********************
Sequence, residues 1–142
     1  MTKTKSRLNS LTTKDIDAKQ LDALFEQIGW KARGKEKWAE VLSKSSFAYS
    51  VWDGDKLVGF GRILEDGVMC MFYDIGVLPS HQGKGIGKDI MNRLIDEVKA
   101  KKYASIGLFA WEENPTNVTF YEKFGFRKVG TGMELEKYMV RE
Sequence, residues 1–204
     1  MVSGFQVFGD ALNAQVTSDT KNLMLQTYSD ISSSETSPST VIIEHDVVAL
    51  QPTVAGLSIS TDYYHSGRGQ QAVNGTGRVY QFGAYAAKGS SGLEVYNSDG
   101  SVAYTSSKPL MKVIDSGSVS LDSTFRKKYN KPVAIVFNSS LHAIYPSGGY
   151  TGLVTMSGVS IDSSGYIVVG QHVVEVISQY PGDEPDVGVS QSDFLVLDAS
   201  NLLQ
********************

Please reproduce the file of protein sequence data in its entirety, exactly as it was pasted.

Sequence, residues 1–142
     1  MTKTKSRLNS LTTKDIDAKQ LDALFEQIGW KARGKEKWAE VLSKSSFAYS
    51  VWDGDKLVGF GRILEDGVMC MFYDIGVLPS HQGKGIGKDI MNRLIDEVKA
   101  KKYASIGLFA WEENPTNVTF YEKFGFRKVG TGMELEKYMV RE
Sequence, residues 1–204
     1  MVSGFQVFGD ALNAQVTSDT KNLMLQTYSD ISSSETSPST VIIEHDVVAL
    51  QPTVAGLSIS TDYYHSGRGQ QAVNGTGRVY QFGAYAAKGS SGLEVYNSDG
   101  SVAYTSSKPL MKVIDSGSVS LDSTFRKKYN KPVAIVFNSS LHAIYPSGGY
   151  TGLVTMSGVS IDSSGYIVVG QHVVEVISQY PGDEPDVGVS QSDFLVLDAS
   201  NLLQ